Increase To Amount Due To Spouses and Civil Partners Comes Into Force On 6 February
The amount of money that can be inherited under intestacy laws is set to change for individuals who are married or in a civil partnership, in line with the government’s promises to keep the figure regularly reviewed.
The government has agreed to increase the statutory legacy amount for spouses and civil partners from £250,000, a figure set in October 2014, to £270,000. The increase will come into effect from 6 February.
When someone dies without a will in place, intestacy laws are set into motion for any assets they have in their name (or any share of an asset they might have jointly owned as tenants in common).
If the deceased has a spouse or civil partner and no other heirs, intestacy laws dictate the spouse gets the whole estate. When the deceased has children as well as a spouse or civil partner, this is when statutory legacy is applied.
The statutory legacy will be payable to the deceased’s spouse or civil partner, with any remaining estate funds held in trust for the surviving spouse and the children.
Experts at leading national law firm Irwin Mitchell welcome the increase, but warn that having a will in place is the safest way to ensure assets are passed down in line with the wishes of the owner – and not left to the mercy of intestacy.
Expert Opinion“It is good to see the government keeping its promise to review the statutory legacy, which will improve the financial outcome for a surviving spouse or civil partner after they are reeling from the loss of a loved one.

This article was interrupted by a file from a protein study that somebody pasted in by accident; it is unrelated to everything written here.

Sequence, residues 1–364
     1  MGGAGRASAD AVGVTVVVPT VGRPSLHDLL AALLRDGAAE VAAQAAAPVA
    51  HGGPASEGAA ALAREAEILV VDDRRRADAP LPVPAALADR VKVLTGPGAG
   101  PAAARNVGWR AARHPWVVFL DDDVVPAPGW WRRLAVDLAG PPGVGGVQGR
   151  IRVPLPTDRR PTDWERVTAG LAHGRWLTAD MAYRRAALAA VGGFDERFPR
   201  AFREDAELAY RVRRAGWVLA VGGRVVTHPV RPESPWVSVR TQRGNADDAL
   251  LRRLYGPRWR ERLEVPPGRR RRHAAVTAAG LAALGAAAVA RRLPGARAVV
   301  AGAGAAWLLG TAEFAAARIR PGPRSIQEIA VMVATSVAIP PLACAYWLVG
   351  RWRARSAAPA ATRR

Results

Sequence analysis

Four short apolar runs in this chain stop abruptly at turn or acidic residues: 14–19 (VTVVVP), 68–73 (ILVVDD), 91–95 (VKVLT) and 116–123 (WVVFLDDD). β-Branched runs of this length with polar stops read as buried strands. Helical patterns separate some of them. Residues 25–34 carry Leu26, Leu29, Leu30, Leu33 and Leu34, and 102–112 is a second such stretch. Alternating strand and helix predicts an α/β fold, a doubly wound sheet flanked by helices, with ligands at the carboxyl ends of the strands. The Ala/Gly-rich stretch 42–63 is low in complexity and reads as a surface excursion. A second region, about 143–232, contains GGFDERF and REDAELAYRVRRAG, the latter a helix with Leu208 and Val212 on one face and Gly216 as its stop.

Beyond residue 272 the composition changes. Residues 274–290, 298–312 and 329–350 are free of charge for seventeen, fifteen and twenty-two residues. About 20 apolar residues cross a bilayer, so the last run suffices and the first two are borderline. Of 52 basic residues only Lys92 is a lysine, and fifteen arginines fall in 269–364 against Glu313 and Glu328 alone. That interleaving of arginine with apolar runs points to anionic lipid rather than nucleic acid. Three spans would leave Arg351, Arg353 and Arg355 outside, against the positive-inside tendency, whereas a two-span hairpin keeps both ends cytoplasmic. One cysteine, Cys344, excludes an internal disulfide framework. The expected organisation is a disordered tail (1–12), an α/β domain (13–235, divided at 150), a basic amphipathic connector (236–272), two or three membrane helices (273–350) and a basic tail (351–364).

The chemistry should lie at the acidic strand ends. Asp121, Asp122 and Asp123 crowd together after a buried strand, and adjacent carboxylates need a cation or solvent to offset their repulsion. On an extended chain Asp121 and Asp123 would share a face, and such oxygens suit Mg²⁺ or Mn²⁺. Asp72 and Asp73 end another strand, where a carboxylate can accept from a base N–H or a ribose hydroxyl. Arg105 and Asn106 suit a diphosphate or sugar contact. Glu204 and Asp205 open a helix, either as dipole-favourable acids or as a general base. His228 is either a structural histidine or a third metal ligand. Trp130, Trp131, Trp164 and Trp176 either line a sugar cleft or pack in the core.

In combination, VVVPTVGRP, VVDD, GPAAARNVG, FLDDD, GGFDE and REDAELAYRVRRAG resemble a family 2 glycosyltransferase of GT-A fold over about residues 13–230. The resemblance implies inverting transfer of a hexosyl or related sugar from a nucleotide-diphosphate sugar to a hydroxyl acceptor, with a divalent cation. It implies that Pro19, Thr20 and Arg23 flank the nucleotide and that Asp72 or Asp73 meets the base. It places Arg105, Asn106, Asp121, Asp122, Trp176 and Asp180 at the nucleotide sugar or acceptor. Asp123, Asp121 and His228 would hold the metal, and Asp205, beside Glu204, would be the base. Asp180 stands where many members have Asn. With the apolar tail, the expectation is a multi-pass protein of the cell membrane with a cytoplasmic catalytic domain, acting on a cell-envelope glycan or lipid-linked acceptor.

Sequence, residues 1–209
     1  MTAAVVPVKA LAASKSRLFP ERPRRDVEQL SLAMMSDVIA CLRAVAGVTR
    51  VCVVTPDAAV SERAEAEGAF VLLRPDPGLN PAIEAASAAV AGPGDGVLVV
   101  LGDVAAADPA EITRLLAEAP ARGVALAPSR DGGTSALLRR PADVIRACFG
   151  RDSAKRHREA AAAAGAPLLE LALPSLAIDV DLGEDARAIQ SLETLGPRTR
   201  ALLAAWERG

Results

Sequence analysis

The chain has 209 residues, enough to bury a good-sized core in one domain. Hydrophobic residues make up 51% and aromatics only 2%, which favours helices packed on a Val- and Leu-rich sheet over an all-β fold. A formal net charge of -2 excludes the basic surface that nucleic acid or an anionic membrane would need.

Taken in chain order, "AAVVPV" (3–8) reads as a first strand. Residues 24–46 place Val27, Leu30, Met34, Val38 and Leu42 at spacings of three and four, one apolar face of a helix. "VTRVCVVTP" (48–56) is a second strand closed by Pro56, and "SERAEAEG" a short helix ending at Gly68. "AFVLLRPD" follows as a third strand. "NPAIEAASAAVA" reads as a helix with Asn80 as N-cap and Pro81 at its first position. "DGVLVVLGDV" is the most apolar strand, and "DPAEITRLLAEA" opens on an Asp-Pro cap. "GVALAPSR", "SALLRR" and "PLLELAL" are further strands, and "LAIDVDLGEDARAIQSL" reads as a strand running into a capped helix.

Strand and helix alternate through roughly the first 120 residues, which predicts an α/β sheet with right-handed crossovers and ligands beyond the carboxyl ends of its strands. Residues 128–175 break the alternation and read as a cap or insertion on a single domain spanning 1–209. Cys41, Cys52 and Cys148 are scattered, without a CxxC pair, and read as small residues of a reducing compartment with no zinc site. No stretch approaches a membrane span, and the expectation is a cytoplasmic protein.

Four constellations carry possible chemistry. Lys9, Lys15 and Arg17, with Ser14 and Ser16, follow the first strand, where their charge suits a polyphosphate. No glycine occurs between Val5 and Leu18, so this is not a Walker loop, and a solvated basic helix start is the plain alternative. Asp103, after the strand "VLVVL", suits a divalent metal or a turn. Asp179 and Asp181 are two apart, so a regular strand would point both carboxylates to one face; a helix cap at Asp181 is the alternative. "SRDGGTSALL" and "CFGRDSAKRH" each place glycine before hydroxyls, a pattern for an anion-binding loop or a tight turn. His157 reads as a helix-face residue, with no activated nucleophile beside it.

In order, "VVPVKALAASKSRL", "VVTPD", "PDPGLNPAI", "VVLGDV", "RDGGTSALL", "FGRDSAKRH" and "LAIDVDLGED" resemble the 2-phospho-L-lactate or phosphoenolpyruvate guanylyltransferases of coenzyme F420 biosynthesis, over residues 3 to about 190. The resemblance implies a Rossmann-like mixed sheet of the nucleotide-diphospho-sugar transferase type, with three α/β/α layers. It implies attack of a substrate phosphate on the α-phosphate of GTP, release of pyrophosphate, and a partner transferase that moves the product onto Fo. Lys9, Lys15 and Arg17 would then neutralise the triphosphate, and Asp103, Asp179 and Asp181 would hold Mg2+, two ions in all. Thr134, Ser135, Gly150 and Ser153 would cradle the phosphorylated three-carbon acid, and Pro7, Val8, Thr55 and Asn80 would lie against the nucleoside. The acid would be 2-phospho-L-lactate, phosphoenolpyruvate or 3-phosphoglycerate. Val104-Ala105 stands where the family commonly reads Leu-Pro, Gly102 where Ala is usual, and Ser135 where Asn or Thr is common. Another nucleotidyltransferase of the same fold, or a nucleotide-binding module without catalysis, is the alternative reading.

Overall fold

“However, we would still encourage everyone to make a will or review an existing will to avoid intestacy and ensure that they have full control over the distribution of their assets and understand the tax implications of this.
“Another vital thing to remember is that the intestacy provisions do not apply to unmarried or cohabiting couples. Those in this situation should absolutely consider speaking to a solicitor about drawing up a will, or risk a will dispute at an already devastating time for their families.” Sophia Parkes - Associate Solicitor
Research from insurer Royal London found six in ten parents do not have a will in place or one that is out of date, while the latest statistics from the government show the median total household wealth in April 2016 to March 2018 was £286,000 – increasing the likelihood of bringing the intestacy rules into play.